OK, which is it? I took these two quotes from just a few posts ago. Seems to me they are contradicting each other. Of course, I guess, depending on how you look at it, less steering and twitchy could be two totally separate things. A car could have less steering but still feel twitchy, but the way I'm reading them is that the one is saying that the shorter arm is smoother and the other is saying the longer arm is "less twitchy" or as I take it, smoother. So, which is it, shorter VLA smoother or longer VLA smoother? Or is it me being a dumb ass.......again.
I think the contradiction comes from trying to simplify the explanations of something that is in fact quite complex.

I look at it from the point of view of what affect on geometry does this change have, and what is an equivalent adjustment I can relate it to in order to better understand what is going on.

For the VLA option, I think of if this way: going from short to long VLA (without changing anything else) changes two basic things I already understand. 1) It is the same as going to a slightly softer front spring. This is because a longer front arm allows the wheel to apply more leverage to the shocks so you basically end up with a softer front spring. 2) It is similar to lengthening the camber link in its affect on roll center. A longer link allows the car to roll more.

So depending on the rest of your car's setup, softening the front spring and lengthening the front camber link may make the car twitchy, or it might calm the car down. It's very possible both excerpts from both manuals are correct when applied to the manual's respective cars.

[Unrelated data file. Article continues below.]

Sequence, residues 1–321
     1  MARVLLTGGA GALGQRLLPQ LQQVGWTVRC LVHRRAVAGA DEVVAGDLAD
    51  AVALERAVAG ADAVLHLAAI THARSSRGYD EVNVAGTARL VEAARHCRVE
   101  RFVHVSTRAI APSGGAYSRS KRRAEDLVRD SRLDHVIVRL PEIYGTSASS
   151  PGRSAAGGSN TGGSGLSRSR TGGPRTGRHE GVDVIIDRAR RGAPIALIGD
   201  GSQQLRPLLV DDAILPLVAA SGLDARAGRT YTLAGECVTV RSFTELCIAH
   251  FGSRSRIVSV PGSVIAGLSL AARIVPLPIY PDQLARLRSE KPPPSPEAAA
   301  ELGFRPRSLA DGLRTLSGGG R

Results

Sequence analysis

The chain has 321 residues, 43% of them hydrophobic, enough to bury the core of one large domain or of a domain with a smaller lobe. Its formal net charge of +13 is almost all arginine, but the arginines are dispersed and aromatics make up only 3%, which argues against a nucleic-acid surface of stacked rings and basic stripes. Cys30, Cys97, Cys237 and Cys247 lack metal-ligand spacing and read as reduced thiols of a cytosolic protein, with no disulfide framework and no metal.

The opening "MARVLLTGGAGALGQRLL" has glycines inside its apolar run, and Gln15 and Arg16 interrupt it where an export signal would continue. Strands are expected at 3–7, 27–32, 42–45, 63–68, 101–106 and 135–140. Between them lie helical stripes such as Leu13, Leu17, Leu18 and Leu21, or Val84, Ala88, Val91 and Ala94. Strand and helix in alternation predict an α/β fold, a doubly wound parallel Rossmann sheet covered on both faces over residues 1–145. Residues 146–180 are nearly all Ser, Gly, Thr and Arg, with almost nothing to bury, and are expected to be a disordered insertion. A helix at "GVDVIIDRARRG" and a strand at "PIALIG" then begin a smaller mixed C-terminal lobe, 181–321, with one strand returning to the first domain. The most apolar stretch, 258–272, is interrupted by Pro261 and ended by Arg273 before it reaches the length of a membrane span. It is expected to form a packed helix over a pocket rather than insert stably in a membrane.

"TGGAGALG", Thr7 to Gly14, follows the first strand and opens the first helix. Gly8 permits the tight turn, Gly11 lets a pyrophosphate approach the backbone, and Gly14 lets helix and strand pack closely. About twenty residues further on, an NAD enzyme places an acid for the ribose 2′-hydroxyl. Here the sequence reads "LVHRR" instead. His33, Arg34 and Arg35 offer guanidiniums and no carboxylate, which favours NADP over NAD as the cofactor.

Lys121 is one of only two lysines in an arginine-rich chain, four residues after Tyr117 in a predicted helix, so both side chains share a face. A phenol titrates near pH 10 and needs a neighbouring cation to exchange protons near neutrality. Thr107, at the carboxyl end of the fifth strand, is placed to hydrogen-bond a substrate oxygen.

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Old 01-12-2016, 01:46 PM   #1542
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2) It is similar to lengthening the camber link in its affect on roll center. A longer link allows the car to roll more..
I think you may have that backward. Lengthening the arm without changing the length of the camber length effectively shortens the link, yeah?

By the end of the XXX car's development we all ran long VLA with shocks in the outside of the arm and that resulted in the best steering we could get out of it (the car's weakness was corner speed). But both of those things should've made it steer less, based on their simple explanations.